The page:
Blur Biography

‘When our third album comes out our position as the quintessential English band of the 90s will be assured.’ A typical bullish statement that could have been made by any number of UK indie bands in 1990 - but from the mouth of Damon Albarn of Blur it amounted to prophecy. Blur were formed in London while Albarn (23 March 1968, Whitechapel, London, England; vocals), Alex James (b. 21 November 1968, Bournemouth, Dorset, England; bass) and Graham Coxon (b. 12 March 1969, Rinteln, Hannover, Germany; guitar) were studying at Goldsmiths College. Coxon had first seen Albarn when he played a debut solo gig at Colchester Arts Centre in 1988. Also in that audience was future Blur drummer Dave Rowntree (b. 8 May 1964, Colchester, Essex, England). Albarn’s desire to make music was encouraged by his father, who moved in circles that exposed his son to artists such as Soft Machine and Cat Stevens, while his mother was a stage designer for Joan Littlewood’s theatre company at Stratford. Rowntree’s father was sound engineer for the Beatles at the BBC, and had taken lessons on the bagpipes.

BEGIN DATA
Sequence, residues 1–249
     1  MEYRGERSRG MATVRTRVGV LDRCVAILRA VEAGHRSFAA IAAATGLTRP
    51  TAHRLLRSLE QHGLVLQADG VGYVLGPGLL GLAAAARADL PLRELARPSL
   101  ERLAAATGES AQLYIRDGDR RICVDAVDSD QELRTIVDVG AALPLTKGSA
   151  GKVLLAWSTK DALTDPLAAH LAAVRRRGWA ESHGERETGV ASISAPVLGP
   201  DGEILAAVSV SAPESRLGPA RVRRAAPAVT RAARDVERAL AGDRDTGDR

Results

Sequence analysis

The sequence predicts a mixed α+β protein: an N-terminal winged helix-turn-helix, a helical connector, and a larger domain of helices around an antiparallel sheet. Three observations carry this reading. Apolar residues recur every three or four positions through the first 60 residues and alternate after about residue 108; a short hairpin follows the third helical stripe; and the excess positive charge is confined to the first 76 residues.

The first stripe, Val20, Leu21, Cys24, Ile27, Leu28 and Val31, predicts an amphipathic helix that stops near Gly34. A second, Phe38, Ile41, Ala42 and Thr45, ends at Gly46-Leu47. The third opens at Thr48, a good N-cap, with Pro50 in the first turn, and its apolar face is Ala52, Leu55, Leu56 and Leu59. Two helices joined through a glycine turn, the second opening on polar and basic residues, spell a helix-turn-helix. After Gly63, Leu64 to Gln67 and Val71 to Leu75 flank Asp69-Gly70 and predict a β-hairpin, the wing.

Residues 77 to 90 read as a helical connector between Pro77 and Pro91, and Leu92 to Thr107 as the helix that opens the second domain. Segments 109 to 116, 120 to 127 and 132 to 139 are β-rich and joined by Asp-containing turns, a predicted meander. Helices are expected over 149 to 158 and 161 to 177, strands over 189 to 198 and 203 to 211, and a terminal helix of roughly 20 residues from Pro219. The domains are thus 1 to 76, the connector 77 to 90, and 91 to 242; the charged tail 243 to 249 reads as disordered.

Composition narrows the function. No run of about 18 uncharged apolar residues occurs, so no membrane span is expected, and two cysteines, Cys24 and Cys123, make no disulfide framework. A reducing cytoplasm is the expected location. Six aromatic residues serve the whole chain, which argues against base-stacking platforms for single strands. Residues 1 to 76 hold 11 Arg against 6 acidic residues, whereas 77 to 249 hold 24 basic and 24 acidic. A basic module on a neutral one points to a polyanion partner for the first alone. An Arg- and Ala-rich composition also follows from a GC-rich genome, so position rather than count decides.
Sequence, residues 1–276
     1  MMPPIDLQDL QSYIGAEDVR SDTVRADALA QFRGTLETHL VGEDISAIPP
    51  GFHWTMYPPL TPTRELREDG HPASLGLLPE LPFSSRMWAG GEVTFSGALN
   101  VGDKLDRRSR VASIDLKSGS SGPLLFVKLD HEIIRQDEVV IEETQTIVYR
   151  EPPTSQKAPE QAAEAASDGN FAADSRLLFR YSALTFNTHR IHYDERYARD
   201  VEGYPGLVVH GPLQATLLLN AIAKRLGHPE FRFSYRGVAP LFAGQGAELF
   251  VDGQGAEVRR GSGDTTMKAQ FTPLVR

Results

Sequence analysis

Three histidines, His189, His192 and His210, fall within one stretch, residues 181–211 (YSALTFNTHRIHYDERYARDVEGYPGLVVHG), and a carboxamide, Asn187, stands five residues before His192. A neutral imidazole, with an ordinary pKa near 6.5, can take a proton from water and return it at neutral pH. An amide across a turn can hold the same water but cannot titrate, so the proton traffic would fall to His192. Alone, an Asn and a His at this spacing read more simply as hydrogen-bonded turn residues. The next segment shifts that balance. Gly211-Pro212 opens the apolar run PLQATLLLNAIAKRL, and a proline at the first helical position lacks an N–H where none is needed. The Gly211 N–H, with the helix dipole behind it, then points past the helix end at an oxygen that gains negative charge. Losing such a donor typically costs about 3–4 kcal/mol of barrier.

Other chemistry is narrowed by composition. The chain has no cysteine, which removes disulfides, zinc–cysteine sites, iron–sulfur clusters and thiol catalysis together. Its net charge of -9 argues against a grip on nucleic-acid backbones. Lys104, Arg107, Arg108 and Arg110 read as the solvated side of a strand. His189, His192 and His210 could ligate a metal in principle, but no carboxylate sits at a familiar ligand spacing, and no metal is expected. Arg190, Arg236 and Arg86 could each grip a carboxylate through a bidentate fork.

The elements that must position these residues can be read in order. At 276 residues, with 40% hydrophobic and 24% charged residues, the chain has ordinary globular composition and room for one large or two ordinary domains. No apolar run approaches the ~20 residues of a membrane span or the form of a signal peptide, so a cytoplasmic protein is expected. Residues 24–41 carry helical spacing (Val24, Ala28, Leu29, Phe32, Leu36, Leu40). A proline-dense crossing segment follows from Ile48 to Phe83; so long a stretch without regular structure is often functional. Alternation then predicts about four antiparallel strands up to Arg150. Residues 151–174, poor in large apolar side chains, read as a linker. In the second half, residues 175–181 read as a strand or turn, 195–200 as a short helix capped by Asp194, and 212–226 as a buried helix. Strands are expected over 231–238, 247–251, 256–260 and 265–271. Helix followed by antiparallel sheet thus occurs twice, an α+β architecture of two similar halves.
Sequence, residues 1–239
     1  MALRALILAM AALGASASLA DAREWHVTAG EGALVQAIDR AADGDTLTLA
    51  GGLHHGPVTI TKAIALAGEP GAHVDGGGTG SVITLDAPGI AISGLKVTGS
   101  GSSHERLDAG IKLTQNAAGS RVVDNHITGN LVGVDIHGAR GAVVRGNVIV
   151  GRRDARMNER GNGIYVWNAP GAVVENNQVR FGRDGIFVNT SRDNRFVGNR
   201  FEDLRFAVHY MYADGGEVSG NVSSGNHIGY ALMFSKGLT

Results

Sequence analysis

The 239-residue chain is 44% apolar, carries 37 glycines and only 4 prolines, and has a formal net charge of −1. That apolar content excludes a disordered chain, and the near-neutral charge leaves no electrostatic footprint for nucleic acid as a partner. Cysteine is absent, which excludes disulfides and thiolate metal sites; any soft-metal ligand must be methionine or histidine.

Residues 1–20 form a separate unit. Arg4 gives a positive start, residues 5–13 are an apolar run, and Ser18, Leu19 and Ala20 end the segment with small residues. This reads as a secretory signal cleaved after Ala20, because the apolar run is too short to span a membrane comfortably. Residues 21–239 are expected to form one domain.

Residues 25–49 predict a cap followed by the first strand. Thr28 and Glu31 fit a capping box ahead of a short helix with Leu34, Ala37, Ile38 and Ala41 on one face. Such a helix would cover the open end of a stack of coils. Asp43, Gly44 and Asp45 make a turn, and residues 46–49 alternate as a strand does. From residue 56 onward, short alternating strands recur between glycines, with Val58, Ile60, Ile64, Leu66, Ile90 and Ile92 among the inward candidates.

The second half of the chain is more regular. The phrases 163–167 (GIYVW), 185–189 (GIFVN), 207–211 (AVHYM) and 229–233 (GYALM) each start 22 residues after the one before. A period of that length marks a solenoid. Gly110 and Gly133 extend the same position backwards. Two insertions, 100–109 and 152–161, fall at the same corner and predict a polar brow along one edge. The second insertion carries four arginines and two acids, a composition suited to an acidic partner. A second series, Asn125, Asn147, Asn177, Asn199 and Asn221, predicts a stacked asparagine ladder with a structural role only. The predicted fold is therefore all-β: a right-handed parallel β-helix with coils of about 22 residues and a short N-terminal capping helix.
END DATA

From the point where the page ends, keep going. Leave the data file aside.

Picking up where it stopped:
When the four members convened in London (the first person James saw in halls of residence was Coxon), they formed a band - initially entitled Seymour - and started out on the lower rungs of the gig circuit by playing bottom of the bill to New Fast Automatic Daffodils and Too Much Texas at Camden’s Dingwalls venue. A year and a dozen gigs later, the quartet had signed to Food Records, run by ex-Teardrop Explodes keyboard player David Balfe and Sounds journalist Andy Ross, whose suggestion it was that they change their name to Blur. They earned a reputation with venue promoters for haphazardly implemented onstage stunts. Playing vibrant 90s-friendly pop with a sharp cutting edge, Blur’s debut release, ‘She’s So High’ (which had initially ensured that Seymour were signed when included on their first demo tape), sneaked into the Top 50 of the UK chart. With the band displaying a justifiably breezy confidence in their abilities, there was little surprise when the infectious ‘There’s No Other Way’ reached number 8 in the UK charts in the spring of 1991. This success continued when Leisure entered the UK charts at number 2 - a mere two years after formation. However, a relatively fallow period followed when ‘Popscene’ failed to rise above number 34 in the UK charts. As the ‘baggy’ and ‘Madchester’ movements died, the band were viewed with the same hostility that now greeted bands such as Rain or the Mock Turtles, as audiences looked away from the Byrds -fixated guitar pop of the period. Blur seemed set to disappear with the same alacrity with which they had established themselves, although their names were kept alive in press columns by their ‘expert liggers’ status. Modern Life Is Rubbish was presented to their record company at the end of 1992 but rejected, Balfe insisting that Albarn should go away and write at least two more tracks. The resultant songs, ‘For Tomorrow’ and ‘Chemical World’, were the album’s singles. When it finally emerged in 1993, its sales profile of 50, 000 copies failed to match that of its predecessor or expectations, but touring and a strong headlining appearance at the Reading Festival rebuilt confidence.